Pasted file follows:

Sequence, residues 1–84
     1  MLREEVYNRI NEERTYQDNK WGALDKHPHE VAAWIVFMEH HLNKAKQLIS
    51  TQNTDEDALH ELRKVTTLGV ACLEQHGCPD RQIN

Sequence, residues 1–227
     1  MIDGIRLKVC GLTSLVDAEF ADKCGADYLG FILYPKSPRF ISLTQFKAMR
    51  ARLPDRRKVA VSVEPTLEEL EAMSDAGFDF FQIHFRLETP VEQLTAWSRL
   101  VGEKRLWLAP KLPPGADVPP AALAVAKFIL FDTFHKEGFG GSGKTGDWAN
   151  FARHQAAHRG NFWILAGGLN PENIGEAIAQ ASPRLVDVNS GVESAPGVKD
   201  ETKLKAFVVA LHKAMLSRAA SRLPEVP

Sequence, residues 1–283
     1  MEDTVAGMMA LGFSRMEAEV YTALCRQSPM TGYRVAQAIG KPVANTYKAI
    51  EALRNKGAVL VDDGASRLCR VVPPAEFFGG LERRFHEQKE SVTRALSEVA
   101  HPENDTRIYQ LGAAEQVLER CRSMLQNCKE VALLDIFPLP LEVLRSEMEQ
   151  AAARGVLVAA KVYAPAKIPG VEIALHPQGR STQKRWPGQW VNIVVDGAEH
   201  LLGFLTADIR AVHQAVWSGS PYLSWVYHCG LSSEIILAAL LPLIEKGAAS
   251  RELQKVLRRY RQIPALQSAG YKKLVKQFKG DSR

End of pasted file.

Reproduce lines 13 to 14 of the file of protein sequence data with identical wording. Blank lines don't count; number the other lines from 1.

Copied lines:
   101  HPENDTRIYQ LGAAEQVLER CRSMLQNCKE VALLDIFPLP LEVLRSEMEQ
   151  AAARGVLVAA KVYAPAKIPG VEIALHPQGR STQKRWPGQW VNIVVDGAEH